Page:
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Political insiders are saying Tuesday's decision upholding the convictions of City Hall patronage operatives will embolden prosecutors and weaken the old clout-and-campaign-army system. But one longtime political worker disagrees: he says the patronage system has been dead for several years. And he's sorry to see it go.
"Sorich? No--it all changed awhile back when all this shit started [PDF]," he says. "All the [ward and political] organizations have lost people. You used to get hundreds of people to work on a campaign; now you can't get anybody. If you can't help anybody [with jobs], no one sticks with it, except a few people who are really loyal."
He'll work for a few candidates he really likes, including the official who employs him. But in most cases he'll only join a campaign if he's paid. That evens the playing field--as long as you have money to join the game.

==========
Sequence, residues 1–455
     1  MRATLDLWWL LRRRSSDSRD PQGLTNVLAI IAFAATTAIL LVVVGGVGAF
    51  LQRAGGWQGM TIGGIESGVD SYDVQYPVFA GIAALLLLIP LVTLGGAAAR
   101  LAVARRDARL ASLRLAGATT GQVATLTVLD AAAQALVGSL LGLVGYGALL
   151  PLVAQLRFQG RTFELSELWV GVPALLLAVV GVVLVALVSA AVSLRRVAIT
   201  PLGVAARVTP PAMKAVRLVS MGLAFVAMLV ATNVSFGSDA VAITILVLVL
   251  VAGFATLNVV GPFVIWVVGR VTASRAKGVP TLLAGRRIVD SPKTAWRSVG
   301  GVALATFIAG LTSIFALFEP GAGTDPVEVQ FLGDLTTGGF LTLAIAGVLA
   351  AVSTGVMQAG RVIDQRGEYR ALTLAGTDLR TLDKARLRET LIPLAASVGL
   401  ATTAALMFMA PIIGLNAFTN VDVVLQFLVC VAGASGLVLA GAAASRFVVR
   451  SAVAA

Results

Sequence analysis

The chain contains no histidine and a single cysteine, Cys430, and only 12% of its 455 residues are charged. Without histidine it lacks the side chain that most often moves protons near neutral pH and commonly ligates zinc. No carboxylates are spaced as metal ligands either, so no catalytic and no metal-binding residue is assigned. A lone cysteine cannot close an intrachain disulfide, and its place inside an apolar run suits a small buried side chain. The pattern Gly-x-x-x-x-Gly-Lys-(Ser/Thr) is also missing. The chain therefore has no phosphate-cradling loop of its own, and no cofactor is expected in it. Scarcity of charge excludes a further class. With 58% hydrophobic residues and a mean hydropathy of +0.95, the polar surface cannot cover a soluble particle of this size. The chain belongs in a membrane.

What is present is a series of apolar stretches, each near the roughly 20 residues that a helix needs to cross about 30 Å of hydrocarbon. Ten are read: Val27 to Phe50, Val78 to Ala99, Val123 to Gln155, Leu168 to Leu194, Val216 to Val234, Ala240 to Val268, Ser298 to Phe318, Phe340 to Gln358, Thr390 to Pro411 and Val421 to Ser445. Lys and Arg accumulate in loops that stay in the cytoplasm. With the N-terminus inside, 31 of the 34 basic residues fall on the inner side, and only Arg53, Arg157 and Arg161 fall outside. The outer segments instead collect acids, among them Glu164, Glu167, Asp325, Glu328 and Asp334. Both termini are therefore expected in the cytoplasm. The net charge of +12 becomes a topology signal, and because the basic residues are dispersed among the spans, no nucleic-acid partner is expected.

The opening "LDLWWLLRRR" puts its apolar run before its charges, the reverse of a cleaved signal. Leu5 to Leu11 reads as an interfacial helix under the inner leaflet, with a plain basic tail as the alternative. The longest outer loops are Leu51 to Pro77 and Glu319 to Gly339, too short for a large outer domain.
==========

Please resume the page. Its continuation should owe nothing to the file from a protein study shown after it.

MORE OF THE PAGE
"To me there was nothing wrong with the old system, as long as people were qualified and all that," he says. Patronage employees usually worked harder than others, he argues, because they didn't want to embarrass their political sponsors. Plus, they were people who'd demonstrated a work ethic by getting petition signatures or going door-to-door in the neighborhoods.
"But hiring that 19-year-old--come on! They all screwed up on that one." Patronage, he says, "has been going on for 150 years, and to end like this is just screwy. It's a shame."
As for Robert Sorich, the former patronage chief who appears headed back to jail: "I feel sorry for him. He's a good kid."